UT Wordmark Primary UT Wordmark Formal Shield Texas UT News Camera Chevron Close Search Copy Link Download File Hamburger Menu Time Stamp Open in browser Load More Pull quote Cloudy and windy Cloudy Partly Cloudy Rain and snow Rain Showers Snow Sunny Thunderstorms Wind and Rain Windy Facebook Instagram LinkedIn Twitter email alert map calendar bullhorn

UT News

Rural America’s Business Growth is Rooted in Surprising Factors

Two color orange horizontal divider
Photo credit: Gene Gallin, Unsplash.
Photo credit: Gene Gallin, Unsplash.

AUSTIN, Texas — Local banks, a diverse and young population, a significant immigrant community, and the availability of vital health care infrastructure such as elder care and child care services are the unexpected predictors of business creation in rural America, according to a recent study conducted by researchers at The University of Texas at Austin.

Contrary to prevailing policy opinions, each of these variables was more predictive of rural business creation than commonly discussed factors such as broadband availability or the concentration of patents. These findings, published in PLOS ONE by researchers at the LBJ School of Public Affairs, can inform policymakers and those working to foster entrepreneurship and economic development in rural communities.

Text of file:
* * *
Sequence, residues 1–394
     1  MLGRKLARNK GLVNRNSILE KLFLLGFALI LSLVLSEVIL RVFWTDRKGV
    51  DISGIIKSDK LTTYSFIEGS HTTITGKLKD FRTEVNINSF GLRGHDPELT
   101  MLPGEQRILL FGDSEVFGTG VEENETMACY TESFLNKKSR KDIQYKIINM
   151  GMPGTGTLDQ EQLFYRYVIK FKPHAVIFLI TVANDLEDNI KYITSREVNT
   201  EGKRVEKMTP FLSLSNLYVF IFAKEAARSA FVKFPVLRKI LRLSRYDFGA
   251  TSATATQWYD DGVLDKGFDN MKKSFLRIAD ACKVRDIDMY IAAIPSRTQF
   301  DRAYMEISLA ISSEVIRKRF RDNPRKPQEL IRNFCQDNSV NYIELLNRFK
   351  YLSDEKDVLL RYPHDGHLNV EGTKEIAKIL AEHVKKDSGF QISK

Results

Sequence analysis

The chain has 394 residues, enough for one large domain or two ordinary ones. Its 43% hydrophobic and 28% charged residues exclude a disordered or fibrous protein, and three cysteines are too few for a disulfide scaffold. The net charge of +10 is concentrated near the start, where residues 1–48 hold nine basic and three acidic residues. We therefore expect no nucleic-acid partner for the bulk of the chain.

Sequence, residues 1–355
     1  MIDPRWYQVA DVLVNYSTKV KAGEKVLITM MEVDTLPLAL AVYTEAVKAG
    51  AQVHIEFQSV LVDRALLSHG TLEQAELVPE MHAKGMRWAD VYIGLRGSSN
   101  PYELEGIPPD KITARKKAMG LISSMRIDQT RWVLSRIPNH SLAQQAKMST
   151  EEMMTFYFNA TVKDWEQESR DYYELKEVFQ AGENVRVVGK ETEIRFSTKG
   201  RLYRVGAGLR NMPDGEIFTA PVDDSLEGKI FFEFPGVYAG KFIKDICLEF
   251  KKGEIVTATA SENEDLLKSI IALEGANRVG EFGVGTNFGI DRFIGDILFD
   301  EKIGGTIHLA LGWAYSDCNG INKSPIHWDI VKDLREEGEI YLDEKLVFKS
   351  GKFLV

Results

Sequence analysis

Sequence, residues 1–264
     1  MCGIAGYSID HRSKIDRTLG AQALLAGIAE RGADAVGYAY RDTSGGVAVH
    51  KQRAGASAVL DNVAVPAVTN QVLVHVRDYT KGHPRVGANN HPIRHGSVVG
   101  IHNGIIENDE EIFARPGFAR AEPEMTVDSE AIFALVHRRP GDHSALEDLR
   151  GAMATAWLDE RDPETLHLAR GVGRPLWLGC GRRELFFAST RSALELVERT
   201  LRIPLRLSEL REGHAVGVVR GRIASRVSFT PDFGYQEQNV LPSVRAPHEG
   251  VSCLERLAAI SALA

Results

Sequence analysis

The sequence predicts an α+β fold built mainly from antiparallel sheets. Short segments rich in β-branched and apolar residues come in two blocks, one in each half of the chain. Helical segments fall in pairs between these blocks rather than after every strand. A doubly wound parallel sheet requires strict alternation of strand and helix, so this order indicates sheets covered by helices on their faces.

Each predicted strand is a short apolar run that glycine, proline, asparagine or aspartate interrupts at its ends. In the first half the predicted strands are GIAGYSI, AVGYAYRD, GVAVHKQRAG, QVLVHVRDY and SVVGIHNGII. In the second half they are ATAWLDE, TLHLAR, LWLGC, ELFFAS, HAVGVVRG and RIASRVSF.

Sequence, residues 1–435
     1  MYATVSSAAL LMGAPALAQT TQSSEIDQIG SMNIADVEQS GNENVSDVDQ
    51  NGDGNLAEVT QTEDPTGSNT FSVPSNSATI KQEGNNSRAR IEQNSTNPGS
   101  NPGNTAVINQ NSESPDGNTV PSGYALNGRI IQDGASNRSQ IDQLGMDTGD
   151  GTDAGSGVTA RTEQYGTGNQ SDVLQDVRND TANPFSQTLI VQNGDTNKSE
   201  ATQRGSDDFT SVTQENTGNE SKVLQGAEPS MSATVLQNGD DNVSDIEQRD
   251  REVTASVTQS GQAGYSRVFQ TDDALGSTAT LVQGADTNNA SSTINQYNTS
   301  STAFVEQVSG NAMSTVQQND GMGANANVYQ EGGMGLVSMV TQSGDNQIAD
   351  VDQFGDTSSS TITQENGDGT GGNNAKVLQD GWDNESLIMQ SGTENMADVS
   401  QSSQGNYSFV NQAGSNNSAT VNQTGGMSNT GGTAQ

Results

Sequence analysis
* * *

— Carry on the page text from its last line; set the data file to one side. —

Study authors challenge conventional wisdom by emphasizing the importance of certain factors over those more commonly thought of in driving rural entrepreneurship. After controlling for population and the number of existing businesses in a county, having a young and diverse population emerged as some of the most significant factors predicting business creation in rural areas. The study revealed that both were more predictive of entrepreneurship than the number of college-educated residents. Wind and oil production were also substantial predictors of rural business creation, much more than solar production.

Notably, the number of local banks, rather than the amount of money in those banks, proved to be the most significant predictor of rural entrepreneurship. Researchers suggest that local banks can provide relationship-based loans to individuals who may not qualify for financing from larger financial institutions.

“Our study focuses on areas within policymakers’ control. While they have limited influence on population size, they can safeguard small banks and invest in elder care and child care,” said Mark C. Hand, one of the study’s authors. “Policymakers can also help create welcoming communities for immigrants, who emerge as top predictors of business creation in rural counties.”

To determine the driving forces behind rural entrepreneurship, researchers used machine learning methods, which enable predictions based on existing data. Analyzing a robust data set spanning 10 years (2008-2018) from all 254 counties in Texas, including 157 rural counties, the study provides valuable insights for policymakers grappling with complex economic challenges.

“These findings can guide evidence-based decision-making and targeted interventions aimed at promoting entrepreneurial activities and fostering vibrant rural economies,” said Vivek Shastry, the study’s co-author.

The research, supported by the IC2 Institute at The University of Texas at Austin, marks an important step toward identifying specific rural counties in Texas that possess the greatest potential for business growth. The researchers plan to expand their methodology to pinpoint these areas and offer further guidance to policymakers in their efforts to spur rural business creation.